Chromatin immunoprecipitation coupled with massively parallel sequencing (ChIP-seq) is increasingly being applied to study transcriptional regulation on a genome-wide scale. While numerous algorithms have recently been proposed for analysing the large ChIP-seq datasets, their relative merits and potential limitations remain unclear in practical applications.
The present study compares the state-of-the-art algorithms for detecting transcription factor binding sites in four diverse ChIP-seq datasets under a variety of practical research settings. First, we demonstrate how the biological conclusions may change dramatically when the different algorithms are applied. The reproducibility across biological replicates is then investigated as an internal validation of the detections. Finally, the predicted binding sites with each method are compared to high-scoring binding motifs as well as binding regions confirmed in independent qPCR experiments.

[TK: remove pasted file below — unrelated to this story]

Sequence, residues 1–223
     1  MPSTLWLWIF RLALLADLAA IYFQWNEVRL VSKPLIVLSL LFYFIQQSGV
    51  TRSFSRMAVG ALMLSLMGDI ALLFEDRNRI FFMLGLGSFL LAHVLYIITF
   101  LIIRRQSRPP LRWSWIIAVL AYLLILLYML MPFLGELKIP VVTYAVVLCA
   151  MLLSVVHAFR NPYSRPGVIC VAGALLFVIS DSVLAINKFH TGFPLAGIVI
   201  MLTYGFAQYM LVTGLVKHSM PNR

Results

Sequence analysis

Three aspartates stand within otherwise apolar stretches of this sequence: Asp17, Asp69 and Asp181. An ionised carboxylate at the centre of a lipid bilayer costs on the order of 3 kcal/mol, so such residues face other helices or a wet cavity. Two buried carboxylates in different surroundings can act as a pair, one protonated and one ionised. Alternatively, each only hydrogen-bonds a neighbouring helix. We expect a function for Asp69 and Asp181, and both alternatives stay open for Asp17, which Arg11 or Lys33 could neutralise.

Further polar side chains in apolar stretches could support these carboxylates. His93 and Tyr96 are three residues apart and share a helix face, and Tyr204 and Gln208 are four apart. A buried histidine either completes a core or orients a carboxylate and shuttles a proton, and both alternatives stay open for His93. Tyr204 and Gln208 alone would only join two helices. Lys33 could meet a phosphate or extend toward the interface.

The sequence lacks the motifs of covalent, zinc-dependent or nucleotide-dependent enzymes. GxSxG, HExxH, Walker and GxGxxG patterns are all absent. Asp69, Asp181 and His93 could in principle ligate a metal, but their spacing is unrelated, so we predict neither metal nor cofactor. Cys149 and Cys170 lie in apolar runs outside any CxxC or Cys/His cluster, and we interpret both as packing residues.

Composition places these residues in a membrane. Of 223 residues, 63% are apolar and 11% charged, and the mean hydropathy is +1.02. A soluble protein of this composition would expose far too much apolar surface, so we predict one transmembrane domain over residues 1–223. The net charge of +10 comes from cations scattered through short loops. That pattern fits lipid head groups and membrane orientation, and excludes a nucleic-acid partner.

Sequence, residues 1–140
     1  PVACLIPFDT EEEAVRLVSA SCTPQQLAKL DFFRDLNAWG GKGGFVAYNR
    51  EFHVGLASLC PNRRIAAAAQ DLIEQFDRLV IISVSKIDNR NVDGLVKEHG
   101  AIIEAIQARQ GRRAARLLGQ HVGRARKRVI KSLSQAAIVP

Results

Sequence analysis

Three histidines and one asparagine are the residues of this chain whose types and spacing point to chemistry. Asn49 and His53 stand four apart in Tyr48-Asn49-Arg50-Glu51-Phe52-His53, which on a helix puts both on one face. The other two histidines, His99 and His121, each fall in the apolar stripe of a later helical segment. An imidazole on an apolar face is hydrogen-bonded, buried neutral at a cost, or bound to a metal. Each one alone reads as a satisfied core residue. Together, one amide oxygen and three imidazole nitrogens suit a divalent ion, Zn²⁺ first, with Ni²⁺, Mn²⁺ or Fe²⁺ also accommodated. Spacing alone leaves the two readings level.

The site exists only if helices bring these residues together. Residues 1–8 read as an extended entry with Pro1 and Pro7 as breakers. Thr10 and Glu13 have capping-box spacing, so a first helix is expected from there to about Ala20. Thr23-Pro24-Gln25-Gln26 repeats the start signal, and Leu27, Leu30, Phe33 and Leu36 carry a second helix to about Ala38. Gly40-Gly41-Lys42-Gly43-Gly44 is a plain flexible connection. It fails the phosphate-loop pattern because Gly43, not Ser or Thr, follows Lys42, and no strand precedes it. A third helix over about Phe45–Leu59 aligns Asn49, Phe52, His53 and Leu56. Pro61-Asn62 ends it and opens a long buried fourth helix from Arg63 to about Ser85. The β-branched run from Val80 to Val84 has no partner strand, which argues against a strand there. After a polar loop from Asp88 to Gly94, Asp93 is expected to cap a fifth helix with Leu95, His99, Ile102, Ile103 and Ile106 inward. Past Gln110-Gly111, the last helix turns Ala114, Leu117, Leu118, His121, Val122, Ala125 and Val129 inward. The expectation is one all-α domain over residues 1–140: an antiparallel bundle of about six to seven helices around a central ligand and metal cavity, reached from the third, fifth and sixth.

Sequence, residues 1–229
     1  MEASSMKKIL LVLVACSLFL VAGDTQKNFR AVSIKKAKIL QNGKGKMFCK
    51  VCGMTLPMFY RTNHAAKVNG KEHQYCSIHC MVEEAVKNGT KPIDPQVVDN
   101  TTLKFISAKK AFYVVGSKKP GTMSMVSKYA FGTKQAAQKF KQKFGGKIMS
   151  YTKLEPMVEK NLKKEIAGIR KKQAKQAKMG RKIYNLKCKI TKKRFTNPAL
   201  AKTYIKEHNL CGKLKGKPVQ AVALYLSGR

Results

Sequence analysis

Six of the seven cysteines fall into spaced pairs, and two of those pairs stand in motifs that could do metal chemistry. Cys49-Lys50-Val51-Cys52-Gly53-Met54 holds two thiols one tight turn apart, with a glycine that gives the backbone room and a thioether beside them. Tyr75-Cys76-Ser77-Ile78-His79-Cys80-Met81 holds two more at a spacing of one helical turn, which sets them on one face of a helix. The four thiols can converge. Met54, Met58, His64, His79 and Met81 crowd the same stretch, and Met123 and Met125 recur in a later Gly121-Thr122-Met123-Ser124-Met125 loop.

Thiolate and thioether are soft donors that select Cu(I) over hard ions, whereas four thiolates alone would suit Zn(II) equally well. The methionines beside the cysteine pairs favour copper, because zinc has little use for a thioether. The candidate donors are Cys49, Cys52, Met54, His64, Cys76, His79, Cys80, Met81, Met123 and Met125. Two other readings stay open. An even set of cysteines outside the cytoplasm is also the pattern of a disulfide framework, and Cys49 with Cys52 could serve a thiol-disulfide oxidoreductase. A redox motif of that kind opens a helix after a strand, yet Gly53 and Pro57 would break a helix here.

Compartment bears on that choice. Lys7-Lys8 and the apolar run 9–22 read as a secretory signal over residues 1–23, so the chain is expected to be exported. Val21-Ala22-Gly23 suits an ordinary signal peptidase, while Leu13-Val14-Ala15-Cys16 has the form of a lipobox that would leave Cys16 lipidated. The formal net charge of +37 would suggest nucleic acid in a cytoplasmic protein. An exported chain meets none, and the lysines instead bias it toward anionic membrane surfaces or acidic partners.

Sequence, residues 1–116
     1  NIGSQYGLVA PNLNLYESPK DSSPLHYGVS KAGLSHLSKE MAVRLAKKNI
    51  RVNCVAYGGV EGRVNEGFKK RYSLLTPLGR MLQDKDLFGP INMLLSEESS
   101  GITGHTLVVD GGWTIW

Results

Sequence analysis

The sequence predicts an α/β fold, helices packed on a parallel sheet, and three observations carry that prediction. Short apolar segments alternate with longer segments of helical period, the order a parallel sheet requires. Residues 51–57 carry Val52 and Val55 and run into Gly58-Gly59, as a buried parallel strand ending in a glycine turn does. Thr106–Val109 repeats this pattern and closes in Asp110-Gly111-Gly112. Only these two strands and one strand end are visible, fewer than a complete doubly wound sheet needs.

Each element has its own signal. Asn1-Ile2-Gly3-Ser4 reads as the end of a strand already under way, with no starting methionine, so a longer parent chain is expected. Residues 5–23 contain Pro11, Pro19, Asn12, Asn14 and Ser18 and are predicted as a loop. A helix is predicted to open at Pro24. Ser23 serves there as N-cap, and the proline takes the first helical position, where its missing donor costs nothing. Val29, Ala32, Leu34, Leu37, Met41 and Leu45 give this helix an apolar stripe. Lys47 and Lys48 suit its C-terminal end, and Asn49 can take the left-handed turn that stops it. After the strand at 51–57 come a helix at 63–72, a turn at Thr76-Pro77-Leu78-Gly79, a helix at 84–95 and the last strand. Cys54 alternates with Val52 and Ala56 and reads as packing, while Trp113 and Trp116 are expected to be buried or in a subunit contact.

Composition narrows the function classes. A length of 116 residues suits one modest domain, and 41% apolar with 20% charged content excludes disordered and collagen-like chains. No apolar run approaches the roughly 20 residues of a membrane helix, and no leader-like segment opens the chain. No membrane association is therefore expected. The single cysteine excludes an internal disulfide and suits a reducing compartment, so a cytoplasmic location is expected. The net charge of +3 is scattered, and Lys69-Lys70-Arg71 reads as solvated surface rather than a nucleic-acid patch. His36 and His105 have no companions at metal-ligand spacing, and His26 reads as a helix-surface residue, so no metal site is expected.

In general, our results indicate that the optimal choice of the computational approach depends heavily on the dataset under analysis. In addition to revealing valuable information to the users of this technology about the characteristics of the binding site detection approaches, the systematic evaluation framework provides also a useful reference to the developers of improved algorithms for ChIP-seq data.